The Demolished Ones (Fate)
You wake in a room.
You don't where you are, where you came from, what's happening. You don't know who you are. Your identity has been taken from you. It will come back with time, but can you trust it? This world is not what it seems. Are you?
And then there's the murder.
Who killed the dead man? Was it you? Was it one of the people who woke in the room with you? Are you all being blamed for a crime you didn't commit? If you want to keep your freedom, you'll need to solve the mystery of Jack Smith's murder while you solve the riddle of your own identity. But is freedom even possible, or is it just another lie?
This is a game.
The Demolished Ones is a game about identity, amnesia, and the power "" and danger "" that comes with knowledge. This game uses Fate, a rules system that helps you build characters with personalities, histories, and baggage. If you're not familiar with Fate, don't worry: this game teaches you everything you need to know.
This is a story.
This book also includes a full story for you to play through. It contains all of the characters, locations, and events that you'll need to tell a story of mystery, intrigue, identity, and horror.
Welcome to The Demolished Ones.
Preview of Chapter 1: A System of Rules
What is The Demolished Ones?
This book contains an adventure set in a dystopian Victorian city housed within the massive and enclosed Dome. Within the Dome, inhuman beings who call themselves the Masters perform hideous experiments "" both physical and psychological "" on humans who have no idea that they are test subjects, or that the Masters even exist. Into this world you will throw the player characters (PCs), without memory or identity, to survive against a hostile environment by whatever means they can.
This is the world of The Demolished Ones.
The adventure is designed for the Fate system, a system you may be familiar with through games like Spirit of the Century, The Dresden Files RPG, Diaspora, or Bulldogs!. You do not need any of these games in order to use this adventure; this book contains all of the rules you need.
What is Fate?
All games of this nature must use a system of rules. Rules hold the game together and determine whether or not an action is a success; they are a fair and impartial arbiter, and a method for modeling the way the world works. One such rules system is Fate. "First, you'll need Fudge dice: specialized six-sided dice."that uses specialized dice "' called Fudge dice "' as well as rules elements like skills, aspects, stunts, stress tracks, consequences, and fate points. Fate is not a system that simulates reality or physics; Fate instead seeks to emulate the way things happen in a story, the motivations of characters, and the beats of plot that drive it. In Fate, things happen at the speed of fiction.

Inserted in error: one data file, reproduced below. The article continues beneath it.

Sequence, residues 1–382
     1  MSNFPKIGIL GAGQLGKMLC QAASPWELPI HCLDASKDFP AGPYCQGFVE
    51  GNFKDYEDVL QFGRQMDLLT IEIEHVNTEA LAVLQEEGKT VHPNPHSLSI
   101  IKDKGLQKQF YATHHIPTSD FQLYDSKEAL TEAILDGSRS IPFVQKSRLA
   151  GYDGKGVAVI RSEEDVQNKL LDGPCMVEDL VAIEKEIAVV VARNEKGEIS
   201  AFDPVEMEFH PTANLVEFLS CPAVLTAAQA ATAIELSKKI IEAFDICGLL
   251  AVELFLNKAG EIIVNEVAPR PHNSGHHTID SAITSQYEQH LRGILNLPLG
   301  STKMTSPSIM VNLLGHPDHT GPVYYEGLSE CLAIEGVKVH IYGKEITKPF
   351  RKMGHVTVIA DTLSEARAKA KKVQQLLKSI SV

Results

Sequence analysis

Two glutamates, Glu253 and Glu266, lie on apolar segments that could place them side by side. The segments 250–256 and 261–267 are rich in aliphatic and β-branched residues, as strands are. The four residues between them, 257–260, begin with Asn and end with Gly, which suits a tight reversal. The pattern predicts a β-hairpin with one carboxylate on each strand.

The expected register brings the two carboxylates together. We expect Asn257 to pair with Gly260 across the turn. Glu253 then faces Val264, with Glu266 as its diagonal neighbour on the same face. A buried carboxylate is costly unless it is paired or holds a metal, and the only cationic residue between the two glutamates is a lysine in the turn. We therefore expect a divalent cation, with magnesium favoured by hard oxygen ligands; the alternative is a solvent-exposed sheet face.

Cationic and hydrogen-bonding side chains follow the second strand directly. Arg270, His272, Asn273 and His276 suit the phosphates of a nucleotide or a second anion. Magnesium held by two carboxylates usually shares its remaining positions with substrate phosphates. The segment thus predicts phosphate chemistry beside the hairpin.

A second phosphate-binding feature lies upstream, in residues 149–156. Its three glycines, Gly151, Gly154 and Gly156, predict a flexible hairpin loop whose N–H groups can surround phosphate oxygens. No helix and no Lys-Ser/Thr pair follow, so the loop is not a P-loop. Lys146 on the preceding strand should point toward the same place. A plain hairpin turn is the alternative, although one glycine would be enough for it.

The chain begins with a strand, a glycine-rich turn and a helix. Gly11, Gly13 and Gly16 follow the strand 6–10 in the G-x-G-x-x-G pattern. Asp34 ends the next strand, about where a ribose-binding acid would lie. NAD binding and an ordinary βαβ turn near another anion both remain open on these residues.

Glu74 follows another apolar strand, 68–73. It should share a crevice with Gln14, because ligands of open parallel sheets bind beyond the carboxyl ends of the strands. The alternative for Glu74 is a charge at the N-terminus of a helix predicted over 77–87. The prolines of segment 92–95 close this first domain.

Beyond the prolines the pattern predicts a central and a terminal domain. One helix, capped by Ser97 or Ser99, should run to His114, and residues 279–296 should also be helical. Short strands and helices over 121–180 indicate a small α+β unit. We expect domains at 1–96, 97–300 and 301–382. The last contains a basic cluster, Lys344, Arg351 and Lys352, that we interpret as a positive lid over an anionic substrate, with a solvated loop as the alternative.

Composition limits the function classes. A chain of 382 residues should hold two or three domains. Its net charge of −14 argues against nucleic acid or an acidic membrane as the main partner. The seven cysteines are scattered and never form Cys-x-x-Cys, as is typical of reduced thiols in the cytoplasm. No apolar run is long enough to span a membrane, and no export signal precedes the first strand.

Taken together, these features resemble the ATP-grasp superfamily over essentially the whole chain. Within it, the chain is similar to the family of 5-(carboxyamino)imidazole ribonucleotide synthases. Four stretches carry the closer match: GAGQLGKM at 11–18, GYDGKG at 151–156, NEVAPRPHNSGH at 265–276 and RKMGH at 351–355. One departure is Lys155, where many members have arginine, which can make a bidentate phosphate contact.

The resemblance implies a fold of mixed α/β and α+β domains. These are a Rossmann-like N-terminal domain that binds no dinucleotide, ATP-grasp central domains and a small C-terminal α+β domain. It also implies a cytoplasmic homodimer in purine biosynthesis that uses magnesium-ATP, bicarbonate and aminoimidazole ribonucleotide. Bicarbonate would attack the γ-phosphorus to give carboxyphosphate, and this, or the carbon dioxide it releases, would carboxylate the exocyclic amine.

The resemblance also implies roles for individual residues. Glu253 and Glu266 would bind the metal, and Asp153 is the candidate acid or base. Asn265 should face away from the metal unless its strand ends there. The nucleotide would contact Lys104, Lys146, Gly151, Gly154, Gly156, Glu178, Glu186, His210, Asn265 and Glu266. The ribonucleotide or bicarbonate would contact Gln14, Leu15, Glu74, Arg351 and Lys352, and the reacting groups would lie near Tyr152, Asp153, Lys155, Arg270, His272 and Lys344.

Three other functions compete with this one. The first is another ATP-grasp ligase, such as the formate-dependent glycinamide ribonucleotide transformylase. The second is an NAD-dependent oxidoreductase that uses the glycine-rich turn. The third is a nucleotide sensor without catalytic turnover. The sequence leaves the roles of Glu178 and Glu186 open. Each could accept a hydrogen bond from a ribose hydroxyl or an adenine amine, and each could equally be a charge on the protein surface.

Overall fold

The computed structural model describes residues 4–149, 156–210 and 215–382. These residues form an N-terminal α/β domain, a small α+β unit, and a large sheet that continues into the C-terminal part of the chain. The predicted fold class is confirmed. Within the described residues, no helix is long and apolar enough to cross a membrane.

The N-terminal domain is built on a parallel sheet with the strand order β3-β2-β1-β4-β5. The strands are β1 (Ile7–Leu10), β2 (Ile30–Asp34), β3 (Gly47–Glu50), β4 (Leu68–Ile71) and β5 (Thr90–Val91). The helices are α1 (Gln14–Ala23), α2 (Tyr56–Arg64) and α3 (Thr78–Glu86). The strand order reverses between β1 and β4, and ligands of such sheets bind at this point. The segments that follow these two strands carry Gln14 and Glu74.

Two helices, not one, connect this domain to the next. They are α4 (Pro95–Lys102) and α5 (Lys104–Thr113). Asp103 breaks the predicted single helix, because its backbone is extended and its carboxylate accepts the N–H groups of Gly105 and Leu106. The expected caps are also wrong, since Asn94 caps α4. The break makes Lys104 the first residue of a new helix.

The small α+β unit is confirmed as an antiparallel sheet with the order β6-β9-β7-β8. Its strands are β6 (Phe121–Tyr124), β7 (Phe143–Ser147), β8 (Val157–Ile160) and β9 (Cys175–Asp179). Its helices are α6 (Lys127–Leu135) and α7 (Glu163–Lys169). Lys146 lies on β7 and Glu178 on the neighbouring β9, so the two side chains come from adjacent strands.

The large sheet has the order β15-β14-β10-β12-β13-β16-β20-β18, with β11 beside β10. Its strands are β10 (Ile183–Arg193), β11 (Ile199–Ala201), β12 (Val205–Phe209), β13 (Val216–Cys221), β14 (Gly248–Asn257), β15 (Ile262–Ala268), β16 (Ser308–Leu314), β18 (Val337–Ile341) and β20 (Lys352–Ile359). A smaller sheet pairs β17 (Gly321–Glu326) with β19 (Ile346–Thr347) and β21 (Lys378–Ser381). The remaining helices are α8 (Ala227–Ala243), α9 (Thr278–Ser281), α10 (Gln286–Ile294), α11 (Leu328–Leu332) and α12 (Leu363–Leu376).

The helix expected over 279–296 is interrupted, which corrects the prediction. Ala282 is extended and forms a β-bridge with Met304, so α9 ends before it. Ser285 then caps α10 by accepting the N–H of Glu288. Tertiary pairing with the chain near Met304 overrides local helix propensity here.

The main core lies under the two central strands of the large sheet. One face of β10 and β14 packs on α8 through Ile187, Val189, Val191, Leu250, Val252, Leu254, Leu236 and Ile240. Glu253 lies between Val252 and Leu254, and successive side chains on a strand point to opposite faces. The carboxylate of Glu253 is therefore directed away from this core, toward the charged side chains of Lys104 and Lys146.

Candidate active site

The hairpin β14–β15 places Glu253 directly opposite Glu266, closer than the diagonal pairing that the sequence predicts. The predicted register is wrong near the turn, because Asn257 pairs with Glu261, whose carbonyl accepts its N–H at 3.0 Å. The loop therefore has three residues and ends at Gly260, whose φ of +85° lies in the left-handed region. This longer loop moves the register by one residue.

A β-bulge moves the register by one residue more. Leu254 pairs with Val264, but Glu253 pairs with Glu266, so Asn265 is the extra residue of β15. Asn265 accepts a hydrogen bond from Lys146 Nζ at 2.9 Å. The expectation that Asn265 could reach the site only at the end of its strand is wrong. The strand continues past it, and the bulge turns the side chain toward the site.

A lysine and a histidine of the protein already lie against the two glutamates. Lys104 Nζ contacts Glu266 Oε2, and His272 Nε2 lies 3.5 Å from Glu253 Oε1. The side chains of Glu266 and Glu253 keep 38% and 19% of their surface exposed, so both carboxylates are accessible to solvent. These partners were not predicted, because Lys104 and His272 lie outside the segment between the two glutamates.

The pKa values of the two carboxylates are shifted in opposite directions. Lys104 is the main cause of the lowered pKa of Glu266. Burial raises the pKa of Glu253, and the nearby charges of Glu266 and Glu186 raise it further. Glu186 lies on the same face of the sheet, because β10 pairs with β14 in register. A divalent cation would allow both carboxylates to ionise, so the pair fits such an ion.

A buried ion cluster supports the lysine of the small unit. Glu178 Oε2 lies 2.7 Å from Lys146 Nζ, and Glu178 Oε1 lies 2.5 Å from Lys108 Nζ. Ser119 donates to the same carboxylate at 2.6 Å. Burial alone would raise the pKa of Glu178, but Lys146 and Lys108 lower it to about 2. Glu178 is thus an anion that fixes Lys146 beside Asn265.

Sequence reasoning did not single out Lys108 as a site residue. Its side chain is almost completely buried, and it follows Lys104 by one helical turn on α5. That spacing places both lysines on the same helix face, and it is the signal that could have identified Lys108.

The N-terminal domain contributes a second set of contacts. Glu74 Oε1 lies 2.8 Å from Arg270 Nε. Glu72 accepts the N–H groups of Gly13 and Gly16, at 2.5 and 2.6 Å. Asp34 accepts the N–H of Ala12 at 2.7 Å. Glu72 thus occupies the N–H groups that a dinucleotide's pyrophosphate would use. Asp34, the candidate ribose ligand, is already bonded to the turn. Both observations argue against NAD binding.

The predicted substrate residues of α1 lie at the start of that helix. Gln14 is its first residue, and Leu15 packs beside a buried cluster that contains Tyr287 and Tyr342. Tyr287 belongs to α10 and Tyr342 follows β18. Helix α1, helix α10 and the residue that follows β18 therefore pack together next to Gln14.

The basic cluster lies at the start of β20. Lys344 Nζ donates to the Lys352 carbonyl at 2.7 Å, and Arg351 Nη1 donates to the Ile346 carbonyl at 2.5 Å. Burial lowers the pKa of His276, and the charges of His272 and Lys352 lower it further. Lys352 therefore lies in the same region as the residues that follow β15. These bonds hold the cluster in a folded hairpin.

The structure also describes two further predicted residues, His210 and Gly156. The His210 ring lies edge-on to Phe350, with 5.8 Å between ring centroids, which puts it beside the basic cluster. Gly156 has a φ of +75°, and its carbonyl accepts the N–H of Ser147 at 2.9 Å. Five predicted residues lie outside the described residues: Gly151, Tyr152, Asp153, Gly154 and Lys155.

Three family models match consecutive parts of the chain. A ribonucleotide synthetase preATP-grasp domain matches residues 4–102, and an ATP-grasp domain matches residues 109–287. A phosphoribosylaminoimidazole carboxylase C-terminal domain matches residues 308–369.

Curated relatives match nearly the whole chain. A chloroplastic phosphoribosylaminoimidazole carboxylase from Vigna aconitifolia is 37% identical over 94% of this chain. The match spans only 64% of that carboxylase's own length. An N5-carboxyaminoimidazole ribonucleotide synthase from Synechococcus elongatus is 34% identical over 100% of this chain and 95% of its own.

System of Rules
Many of the core mechanics of Fate are similar to "" or even the same as "" what you may be used to in other Fate games. If you're not familiar with Fate, the basics of the system with unique expansions for this adventure are detailed below. This system is intended to be complete, and self-contained.
What You'll Need
Aside from the character sheet (provided at the end of this book), a pencil, and some friends to play with, there are a few components that you'll need in order to play The Demolished Ones: Fudge dice and tokens.
"First, you'll need Fudge dice: specialized six-sided dice."A Fudge die has two faces that display a "+"?, two that display a "-"?, and two that are blank. Each player should have one set of four Fudge dice, though players can share in a pinch. Many hobby stores either stock or can order them, and Fudge dice can also be ordered from Indie Press Revolution (http://www.indiepressrevolution.com). You'll need tokens to represent fate points. Any small, nonedible object that you have in large quantities can work: glass beads, pennies, specialized metal coins, poker chips. You'll need about ten per player (not including the GM, who will need fifteen to twenty tokens).
Many things in Fate (such as skills and difficulties) are rated according to the ladder, which is pictured here. The ladder assigns adjective descriptors to numerical ratings; the adjective and the number can be used interchangeably. Whenever we say "the ladder"anywhere in this book, this is what we're talking about (unless you can tell, from context, that we're talking about an actual, physical ladder). The values on the ladder are by no means maximums or minimums; it's possible to go beyond the ladder in either direction. There simply aren't adjectives for those numbers. Example: Susan has a Fists skill rated at Fair (+2).